The Illusion of Privacy

The launch of Google Buzz this week has once again brought questions of privacy and social networking applications to the forefront.  Just as many of us have questioned over the past few years the repeated failure of Facebook to respect our privacy.

To my mind, this is a very simple thing: never post anything to any networking service that you wouldn’t want to see again.  Ever…

People have lost jobs over what they have posted on Facebook and elsewhere.  I have seen it several times personally.  Further, at some point you may need to search for a new job.  A prospective employer may see that photo of you doing belly shots off that Asian hooker in Vegas last year, and bang, you don’t get a call back.  In other words, it’s hurt you, badly, and you never even know it.

So right now, I bet a lot of you are saying “no problem, I’ll just clean up my profile if I need to do a job search.”  The problem is that content often gets scraped off sites and turns up in other places.  My content from this blog is regularly grabbed by sploggers and reposted elsewhere.  It’s almost impossible to get the content removed.  I’ve tried.  Further, to take our Vegas analogy further, what happens if Google grabs that picture in their image search?  Many bloggers use that service to find pictures to reusue, regardless of copyright.  What would you think if your little Vegas picture appeared here?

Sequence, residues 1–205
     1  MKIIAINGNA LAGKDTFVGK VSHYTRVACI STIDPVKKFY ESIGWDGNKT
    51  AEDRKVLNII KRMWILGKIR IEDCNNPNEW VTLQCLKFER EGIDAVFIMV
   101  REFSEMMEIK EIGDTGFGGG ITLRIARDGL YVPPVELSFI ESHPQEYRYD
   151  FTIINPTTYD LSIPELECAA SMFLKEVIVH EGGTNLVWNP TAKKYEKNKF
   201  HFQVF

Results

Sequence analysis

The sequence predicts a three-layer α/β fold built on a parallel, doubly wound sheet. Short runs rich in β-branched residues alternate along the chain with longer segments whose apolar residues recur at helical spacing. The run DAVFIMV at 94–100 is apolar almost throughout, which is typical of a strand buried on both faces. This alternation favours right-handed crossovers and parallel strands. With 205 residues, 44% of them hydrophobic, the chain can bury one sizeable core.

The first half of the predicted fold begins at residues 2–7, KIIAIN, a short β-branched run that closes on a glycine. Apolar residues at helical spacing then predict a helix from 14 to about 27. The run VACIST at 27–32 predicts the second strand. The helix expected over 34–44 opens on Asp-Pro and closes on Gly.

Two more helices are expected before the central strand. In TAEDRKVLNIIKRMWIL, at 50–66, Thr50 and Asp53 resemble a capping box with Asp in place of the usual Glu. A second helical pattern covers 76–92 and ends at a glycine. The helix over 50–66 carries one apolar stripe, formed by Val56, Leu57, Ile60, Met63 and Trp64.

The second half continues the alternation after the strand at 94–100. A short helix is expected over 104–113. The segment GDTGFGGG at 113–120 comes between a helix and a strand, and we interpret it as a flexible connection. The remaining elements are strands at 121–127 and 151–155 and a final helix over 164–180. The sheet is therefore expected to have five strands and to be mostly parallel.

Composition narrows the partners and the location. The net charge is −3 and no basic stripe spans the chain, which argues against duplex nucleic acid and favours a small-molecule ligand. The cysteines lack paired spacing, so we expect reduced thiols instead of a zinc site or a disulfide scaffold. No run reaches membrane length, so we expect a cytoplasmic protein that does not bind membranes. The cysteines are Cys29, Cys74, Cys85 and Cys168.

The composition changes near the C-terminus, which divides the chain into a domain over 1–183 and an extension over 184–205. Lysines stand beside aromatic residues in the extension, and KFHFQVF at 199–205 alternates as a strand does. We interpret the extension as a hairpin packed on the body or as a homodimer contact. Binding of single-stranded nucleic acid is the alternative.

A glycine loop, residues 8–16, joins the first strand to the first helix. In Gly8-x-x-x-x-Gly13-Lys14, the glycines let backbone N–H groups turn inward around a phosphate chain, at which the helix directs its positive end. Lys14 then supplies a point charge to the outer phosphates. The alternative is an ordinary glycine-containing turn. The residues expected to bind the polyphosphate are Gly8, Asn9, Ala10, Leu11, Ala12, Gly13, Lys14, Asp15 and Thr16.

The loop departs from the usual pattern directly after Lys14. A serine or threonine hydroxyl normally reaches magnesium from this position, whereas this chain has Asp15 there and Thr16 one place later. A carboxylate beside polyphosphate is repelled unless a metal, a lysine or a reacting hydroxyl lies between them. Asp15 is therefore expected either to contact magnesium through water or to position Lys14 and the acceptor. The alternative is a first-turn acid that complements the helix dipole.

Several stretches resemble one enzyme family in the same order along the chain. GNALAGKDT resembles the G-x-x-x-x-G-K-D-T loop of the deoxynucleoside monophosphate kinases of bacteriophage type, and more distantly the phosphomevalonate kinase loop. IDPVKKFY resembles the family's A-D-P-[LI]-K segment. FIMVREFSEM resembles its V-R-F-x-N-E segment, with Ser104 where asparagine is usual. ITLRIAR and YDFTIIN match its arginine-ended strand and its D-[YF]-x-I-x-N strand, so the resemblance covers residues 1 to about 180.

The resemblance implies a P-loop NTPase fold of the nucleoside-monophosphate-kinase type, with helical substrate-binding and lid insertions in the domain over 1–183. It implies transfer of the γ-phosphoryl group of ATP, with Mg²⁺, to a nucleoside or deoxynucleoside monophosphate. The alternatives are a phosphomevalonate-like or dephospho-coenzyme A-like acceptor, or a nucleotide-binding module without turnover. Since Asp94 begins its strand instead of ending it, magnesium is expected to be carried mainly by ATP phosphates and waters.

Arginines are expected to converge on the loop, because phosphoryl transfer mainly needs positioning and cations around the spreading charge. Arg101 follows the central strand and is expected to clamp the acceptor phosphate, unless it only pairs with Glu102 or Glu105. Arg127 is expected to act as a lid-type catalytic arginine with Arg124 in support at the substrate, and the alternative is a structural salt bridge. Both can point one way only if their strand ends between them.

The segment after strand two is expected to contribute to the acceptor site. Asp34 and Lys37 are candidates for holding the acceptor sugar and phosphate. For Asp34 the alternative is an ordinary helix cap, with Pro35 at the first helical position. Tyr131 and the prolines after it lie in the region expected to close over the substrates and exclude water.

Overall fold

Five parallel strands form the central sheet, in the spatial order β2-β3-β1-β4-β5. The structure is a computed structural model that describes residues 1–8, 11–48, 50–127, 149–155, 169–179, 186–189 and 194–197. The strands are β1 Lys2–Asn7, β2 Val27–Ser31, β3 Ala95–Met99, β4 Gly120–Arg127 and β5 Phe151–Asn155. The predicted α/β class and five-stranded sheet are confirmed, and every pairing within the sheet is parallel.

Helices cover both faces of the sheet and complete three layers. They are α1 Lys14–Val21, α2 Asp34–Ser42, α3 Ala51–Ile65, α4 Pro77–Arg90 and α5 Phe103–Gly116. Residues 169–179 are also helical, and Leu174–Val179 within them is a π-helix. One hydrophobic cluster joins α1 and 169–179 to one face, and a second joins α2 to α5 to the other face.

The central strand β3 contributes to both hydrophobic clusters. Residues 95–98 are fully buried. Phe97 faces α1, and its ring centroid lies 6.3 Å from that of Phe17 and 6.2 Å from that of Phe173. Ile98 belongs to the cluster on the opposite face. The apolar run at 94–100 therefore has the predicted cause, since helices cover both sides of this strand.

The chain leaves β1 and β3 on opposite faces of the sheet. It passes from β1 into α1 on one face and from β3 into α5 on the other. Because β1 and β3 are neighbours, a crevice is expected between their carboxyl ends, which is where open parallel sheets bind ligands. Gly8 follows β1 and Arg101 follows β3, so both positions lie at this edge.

Remember this: any semblance of privacy online is an illusion.  From the beginning, your ISP could be logging what you do, Archive.org could be archiving the sites you post on, and Google could be indexing the images you post.  Once it’s out there, you have no hope of pulling the information back.  So think twice…and don’t put your faith in Facebook, Google or anyone else to respect your privacy.

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